Meta Platforms Inc’s (NASDAQ: META) Facebook and Instagram will start showing more posts even from people you don’t follow from next year as social media’s future becomes less social. 

By the end of 2023, according to Mark Zuckerberg, CEO of Meta, the firm will more than increase the quantity of content from suggested accounts users view on Facebook and Instagram. According to him, such suggestions currently make up about 15% of the content posted on Facebook, and Instagram already has a bigger percentage.

Facebook replicating Tiktok’s model 

The initiative is a major change from Facebook and Instagram’s past emphasis on showing postings from a user’s social circle or list of contacts. Zuckerberg refers to it as constructing the “Discovery Engine.” The change aims to compete with TikTok’s extensive usage of AI to offer more videos from everywhere. Due to this strategy, TikTok has become among the most popular apps on the market and has given rise to an entirely new creator market.

When Meta released its Q2 results, Zuckerberg noted that as Al finds extra information that people consider fascinating, it enhances interaction and the quality of the feeds. He said that any publicly shared content on Meta’s site, such as links and photographs, will be recommended using artificial intelligence (AI).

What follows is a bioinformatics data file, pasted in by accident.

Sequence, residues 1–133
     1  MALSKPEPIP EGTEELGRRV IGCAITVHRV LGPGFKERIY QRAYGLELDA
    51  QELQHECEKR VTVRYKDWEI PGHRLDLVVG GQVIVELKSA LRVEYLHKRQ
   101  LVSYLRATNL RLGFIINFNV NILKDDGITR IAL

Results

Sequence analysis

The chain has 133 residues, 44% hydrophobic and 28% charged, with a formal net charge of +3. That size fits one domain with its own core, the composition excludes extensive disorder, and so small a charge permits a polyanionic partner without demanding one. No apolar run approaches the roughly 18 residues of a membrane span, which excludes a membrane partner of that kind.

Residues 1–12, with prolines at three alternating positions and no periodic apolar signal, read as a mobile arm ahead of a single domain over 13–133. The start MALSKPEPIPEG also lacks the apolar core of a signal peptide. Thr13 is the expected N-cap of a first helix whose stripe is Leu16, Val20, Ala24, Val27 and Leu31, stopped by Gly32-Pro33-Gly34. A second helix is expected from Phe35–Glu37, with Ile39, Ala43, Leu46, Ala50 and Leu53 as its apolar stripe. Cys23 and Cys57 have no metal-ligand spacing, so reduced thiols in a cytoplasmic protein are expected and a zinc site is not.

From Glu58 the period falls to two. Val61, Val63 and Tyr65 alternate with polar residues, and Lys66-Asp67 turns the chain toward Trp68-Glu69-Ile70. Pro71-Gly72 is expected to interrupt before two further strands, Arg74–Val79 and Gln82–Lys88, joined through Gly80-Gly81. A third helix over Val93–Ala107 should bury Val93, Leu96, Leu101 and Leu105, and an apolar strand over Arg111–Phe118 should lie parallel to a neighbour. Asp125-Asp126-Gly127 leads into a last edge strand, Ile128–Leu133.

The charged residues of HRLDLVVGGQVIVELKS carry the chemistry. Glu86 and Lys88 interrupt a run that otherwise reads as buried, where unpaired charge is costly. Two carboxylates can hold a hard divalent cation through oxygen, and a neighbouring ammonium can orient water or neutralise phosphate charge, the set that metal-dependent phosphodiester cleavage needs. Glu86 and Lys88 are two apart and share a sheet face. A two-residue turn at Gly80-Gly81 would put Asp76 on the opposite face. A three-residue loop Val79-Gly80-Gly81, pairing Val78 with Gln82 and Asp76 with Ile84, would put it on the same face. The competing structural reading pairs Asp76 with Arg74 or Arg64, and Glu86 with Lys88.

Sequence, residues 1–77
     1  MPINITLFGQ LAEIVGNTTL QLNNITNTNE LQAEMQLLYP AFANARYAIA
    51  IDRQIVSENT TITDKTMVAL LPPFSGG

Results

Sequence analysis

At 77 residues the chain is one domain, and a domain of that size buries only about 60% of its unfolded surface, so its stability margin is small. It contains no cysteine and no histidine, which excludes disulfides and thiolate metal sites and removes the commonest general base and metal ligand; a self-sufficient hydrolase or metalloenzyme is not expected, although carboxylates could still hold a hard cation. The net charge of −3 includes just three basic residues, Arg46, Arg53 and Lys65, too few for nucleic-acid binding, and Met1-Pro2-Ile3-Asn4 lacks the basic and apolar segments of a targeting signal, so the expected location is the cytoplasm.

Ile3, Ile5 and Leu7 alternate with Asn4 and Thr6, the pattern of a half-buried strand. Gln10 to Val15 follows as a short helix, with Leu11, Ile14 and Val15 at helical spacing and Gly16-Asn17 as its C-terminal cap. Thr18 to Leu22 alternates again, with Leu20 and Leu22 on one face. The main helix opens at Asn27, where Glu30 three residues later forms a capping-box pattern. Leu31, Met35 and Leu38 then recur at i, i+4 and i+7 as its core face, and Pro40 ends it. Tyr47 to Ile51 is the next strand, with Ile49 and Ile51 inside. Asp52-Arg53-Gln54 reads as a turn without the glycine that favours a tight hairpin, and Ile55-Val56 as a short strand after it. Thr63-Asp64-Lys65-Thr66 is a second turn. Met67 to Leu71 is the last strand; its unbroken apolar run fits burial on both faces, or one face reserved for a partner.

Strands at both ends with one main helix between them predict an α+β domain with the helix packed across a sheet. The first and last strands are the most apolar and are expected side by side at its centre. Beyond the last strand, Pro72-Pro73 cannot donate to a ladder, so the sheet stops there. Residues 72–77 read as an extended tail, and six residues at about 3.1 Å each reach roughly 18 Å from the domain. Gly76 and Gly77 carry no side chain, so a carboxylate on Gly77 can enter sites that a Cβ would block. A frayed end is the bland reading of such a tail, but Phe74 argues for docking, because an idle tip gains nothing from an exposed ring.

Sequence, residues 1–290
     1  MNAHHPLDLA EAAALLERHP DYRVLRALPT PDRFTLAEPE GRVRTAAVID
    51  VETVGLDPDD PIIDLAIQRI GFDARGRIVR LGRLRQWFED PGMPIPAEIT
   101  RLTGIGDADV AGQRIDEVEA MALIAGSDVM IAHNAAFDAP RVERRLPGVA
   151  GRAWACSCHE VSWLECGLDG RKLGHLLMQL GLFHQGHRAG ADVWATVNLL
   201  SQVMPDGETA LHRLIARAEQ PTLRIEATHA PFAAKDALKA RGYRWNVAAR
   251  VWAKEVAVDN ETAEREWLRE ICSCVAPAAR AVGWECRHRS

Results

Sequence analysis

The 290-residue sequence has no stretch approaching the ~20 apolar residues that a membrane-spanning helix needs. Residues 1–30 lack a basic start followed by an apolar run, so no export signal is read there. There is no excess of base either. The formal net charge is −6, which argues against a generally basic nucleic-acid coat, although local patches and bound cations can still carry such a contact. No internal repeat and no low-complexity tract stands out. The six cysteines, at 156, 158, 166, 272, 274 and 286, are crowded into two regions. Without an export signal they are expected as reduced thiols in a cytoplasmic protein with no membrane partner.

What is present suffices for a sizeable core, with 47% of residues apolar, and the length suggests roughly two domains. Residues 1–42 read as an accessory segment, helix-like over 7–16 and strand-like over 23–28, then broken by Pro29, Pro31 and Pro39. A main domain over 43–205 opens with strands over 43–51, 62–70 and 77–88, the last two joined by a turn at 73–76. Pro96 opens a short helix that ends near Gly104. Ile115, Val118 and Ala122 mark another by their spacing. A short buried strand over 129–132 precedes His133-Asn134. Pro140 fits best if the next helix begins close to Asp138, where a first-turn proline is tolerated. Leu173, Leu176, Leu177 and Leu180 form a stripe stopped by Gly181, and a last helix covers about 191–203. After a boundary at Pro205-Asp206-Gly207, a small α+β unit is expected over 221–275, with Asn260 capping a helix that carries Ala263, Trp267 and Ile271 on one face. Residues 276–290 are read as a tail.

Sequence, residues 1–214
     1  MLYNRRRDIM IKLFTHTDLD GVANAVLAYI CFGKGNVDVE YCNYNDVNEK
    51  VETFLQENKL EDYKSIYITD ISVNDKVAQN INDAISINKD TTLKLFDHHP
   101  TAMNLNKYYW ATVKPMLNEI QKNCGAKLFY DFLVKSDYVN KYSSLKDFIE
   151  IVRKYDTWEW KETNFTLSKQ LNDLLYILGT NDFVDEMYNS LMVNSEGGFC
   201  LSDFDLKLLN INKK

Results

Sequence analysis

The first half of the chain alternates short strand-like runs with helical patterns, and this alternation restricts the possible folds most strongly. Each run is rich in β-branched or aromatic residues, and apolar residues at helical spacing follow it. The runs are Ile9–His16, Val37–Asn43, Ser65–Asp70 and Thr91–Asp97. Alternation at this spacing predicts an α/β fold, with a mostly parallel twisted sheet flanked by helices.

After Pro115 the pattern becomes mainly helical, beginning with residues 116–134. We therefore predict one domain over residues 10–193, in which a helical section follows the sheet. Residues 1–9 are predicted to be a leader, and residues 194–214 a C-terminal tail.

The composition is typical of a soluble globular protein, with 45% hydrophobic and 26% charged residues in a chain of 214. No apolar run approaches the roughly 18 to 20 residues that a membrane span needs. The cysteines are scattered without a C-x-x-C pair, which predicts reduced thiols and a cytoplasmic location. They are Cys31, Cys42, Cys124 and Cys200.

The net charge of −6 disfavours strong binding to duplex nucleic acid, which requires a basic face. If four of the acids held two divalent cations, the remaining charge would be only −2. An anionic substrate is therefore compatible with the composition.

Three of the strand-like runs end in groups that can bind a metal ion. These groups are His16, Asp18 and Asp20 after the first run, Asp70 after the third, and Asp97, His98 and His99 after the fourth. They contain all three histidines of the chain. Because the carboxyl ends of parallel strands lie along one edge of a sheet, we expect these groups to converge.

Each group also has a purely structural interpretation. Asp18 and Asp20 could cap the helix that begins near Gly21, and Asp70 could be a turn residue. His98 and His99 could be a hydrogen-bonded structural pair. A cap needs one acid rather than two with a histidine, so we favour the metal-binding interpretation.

In reference to TikTok’s exclusive concentration on short videos, he remarked, “In that sense, I think what we’re doing is going to be pretty unique.” 

Zuckerberg had unveiled a strategy for promoting interaction 

In 2018, when Zuckerberg unveiled a strategy aimed at promoting “meaningful social interactions” (MSI) among acquaintances in the News Feed, Facebook made its most significant change to the way it suggests content. Zuckerberg anticipated when it first came out that people would spend less time on social platforms but feel better after using them. 

Zuckerberg said, “The research shows that when we use social media to connect with people we care about, it can be good for our well-being. On the other hand, passively reading articles or watching videos — even if they’re entertaining or informative — may not be as good.”